Faced with rising health costs, employers are increasingly seeking out new models of employee coverage to try to reduce spending.
A new survey by Arthur J. Gallagher & Co. based on responses from 3,107 employers finds that more than half reported at a 5 percent increase in employee medical costs this year.
The study anticipates that major changes will take place in the next year as a result of both rising costs and the emergence of new technology and new types of insurance plans.
For instance, while only a quarter of employers currently provide telemedicine services as part of their health plans, the percentage will rise to 42 percent by 2018, the study estimates.
Narrow networks, a controversial concept that has become a staple of plans offered through the Affordable Care Act exchange, are also going to become far more common, finds the study, increasing from 18 percent of employers to 27 percent.
The strategy that has already caught fire and will only continue to heat up is consumer-driven health care plans, which 36 percent of employers already offer. By 2018, just over half will be using consumer-directed health plans, the study projects.
The study found that more than half of employers surveyed believe they have an effective strategy to promote their workers’ health and wellbeing.
Another recent survey by Pacific Resources, a benefit consulting firm, found that only 6 percent of employers have put in place a private exchange platform that allows employees to choose from a number of plans.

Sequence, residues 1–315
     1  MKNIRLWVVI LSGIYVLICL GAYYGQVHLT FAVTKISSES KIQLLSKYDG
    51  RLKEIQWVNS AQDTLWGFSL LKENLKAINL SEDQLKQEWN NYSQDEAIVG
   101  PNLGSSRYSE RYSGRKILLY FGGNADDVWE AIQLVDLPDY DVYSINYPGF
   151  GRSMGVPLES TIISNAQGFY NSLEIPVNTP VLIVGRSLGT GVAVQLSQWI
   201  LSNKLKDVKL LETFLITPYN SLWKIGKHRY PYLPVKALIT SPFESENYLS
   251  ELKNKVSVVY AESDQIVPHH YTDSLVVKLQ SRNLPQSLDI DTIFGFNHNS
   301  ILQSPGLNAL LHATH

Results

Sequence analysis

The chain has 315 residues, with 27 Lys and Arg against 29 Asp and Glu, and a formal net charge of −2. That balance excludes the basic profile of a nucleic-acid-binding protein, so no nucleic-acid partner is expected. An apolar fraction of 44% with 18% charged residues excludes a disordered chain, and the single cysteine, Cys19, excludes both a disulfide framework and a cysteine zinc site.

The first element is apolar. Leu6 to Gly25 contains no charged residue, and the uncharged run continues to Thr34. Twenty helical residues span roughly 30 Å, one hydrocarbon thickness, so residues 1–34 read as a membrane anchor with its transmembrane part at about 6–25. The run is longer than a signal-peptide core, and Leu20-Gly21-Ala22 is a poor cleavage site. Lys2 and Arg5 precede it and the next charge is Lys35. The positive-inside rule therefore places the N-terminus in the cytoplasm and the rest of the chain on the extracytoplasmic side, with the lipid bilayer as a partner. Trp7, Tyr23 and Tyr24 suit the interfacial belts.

In general, the study found that most corporate leaders are confident in how they’re running their businesses. But plenty have doubts.
For instance, 60 percent of employers agreed or strongly agreed that their workers were engaged with their organization, committed to their employer, and generally satisfied with their jobs.
Employers who give less than enthusiastic responses to questions about their employees’ happiness at work might simply be the more realistic ones. Surveys of employees consistently find that most workers are satisfied with their jobs, but not necessarily in love with them.
A Gallup poll last year found that only 32 percent of employees are “engaged” in their jobs. The pollster determined that based on a number of criteria, including whether employees enjoy their work, whether they receive encouragement from colleagues or superiors and whether they have the sense that their opinion in the workplace matters.